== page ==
GitHub reinstates YouTube-DL after EFF intervention and is changing its DMCA review process
Last month, GitHub took down multiple repositories containing YouTube-DL code after a DMCA takedown notice was filed by the Recording Industry Association of America, Inc. (RIAA). Today, GitHub has announced that the repos of YouTube-DL have been reinstated.
In a blog post on Monday, GitHub explained why it complied with the DMCA takedown notice in the first place, how it was able to reverse that decision, and how it’s changing its DMCA review process going forward.
GitHub revealed that the Electronic Frontier Foundation (EFF), an international non-profit digital rights group, got involved once the takedown was instituted. With their help, it was proven that YouTube-DL wasn’t in violation of DMCA based on new information that showed the project was not for the explicit purpose of circumventing a technical protection measure (TPM). The repositories of YouTube-DL thus never actually contained copyright-infringing code, so no rules were broken.
GitHub said that DMCA takedown claims based on circumvention are an “industry-wide issue” for developers, which is why organizations like the EFF are so important.
Most takedown notices we receive allege copyright infringement—that someone used their copyrighted work (often software code) in a way that infringes their rights. But as many people noticed, the youtube-dl takedown notice fell into a more unusual category: anticircumvention—an allegation that the code was designed to circumvent technical measures that control access or copying of copyrighted material, in violation of Section 1201 of the DMCA.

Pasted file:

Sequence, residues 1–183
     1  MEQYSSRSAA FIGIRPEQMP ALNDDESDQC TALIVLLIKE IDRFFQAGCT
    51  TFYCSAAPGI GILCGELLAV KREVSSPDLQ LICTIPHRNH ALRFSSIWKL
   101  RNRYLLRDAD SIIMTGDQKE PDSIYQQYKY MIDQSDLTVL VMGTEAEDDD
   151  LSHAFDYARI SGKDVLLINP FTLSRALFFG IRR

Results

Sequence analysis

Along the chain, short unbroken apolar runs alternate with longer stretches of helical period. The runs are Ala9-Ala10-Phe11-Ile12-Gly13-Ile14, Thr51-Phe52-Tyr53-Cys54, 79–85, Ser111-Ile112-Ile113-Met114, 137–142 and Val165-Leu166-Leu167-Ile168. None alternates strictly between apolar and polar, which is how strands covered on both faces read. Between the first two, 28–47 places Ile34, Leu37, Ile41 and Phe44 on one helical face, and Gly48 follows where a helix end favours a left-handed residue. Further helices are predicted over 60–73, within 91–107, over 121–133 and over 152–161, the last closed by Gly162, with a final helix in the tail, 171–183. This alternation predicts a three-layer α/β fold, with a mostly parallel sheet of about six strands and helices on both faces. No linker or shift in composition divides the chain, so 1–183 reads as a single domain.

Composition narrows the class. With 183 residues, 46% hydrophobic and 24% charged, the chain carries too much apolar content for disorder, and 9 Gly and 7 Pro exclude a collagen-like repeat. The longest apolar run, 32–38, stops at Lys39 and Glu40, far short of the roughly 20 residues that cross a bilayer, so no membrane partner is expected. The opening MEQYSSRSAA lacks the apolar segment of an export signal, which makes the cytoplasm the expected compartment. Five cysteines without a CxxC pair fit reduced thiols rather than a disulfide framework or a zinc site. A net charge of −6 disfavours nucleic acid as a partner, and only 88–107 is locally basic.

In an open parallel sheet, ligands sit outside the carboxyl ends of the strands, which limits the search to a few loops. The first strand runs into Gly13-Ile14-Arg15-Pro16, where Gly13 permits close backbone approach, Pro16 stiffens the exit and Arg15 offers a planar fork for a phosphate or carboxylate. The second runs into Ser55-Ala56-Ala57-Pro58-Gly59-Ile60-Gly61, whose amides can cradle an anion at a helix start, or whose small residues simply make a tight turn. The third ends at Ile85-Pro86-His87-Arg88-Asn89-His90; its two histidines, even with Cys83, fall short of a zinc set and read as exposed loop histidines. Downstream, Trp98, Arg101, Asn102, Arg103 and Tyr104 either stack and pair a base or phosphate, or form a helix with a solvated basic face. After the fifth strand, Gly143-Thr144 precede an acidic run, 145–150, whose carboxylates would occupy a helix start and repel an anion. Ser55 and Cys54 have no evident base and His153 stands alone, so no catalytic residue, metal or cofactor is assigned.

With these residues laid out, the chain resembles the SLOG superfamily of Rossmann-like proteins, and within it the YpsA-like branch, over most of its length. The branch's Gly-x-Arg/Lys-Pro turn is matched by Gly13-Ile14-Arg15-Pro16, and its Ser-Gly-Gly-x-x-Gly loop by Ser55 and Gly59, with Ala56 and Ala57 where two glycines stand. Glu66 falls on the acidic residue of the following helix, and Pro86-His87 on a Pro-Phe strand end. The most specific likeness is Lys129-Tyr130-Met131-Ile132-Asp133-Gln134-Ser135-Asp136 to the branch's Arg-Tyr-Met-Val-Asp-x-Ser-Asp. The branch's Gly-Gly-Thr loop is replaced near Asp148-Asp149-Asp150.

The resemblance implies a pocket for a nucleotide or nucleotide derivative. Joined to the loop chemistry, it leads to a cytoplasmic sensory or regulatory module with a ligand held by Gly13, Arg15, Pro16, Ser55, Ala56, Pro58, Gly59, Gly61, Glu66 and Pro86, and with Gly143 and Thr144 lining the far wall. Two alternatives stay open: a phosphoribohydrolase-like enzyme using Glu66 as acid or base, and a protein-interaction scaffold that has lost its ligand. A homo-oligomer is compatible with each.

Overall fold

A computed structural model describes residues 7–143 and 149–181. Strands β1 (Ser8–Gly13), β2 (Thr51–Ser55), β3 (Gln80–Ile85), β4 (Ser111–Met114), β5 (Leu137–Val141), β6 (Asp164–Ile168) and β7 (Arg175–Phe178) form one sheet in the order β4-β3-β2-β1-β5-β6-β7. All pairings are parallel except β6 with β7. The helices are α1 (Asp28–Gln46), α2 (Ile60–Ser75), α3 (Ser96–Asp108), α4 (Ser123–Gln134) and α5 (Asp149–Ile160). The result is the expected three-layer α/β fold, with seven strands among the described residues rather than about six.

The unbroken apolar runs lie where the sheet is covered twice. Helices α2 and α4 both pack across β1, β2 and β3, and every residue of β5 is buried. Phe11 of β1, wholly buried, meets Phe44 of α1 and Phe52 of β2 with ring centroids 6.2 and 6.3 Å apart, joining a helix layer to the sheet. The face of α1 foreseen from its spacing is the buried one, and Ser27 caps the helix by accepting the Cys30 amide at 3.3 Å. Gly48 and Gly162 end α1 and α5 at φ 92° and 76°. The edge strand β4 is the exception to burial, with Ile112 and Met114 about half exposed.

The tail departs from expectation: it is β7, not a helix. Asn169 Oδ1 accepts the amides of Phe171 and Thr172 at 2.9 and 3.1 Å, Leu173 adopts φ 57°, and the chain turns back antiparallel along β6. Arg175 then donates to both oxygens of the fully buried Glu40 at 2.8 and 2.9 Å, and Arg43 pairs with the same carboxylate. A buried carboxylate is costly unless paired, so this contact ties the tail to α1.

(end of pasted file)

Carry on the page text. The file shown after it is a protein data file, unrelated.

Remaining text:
Section 1201 dates back to the late 1990s and did not anticipate the various implications it has for software use today. As a result, Section 1201 makes it illegal to use or distribute technology (including source code) that bypasses technical measures that control access or copying of copyrighted works, even if that technology can be used in a way that would not be copyright infringement. Circumvention was the core claim in the youtube-dl takedown.
GitHub CEO Nat Friedman said the reinstatement of YouTube-DL on its platform is a big win for developers. “Developers should have the freedom to tinker,” Friedman said on Twitter.
We are taking a stand for developers and have reinstated the youtube-dl repo. Section 1201 of the DMCA is broken and needs to be fixed. Developers should have the freedom to tinker. That’s how you get great tools like youtube-dl. https://t.co/k0sbsNN30u
— Nat Friedman (@natfriedman) November 16, 2020
GitHub also revealed how it will handle DMCA claims in the future, including requiring technical and legal experts to review all “credible 1201 takedown” claims. If a claim is ambiguous, GitHub said it will take the side of the developer. If a claim is found to be legitimate, GitHub will notify the repository owner and give them an opportunity to make changes to the repo to avoid a takedown.
To fight situations like this in the future, GitHub also announced it’s creating a $1 million developers defense fund, which will protect developers against unwarranted DMCA Section 1201 takedown claims. Finally, GitHub said it will take every effort to advocate for reforming the DMCA, particularly when it comes to anti-circumvention.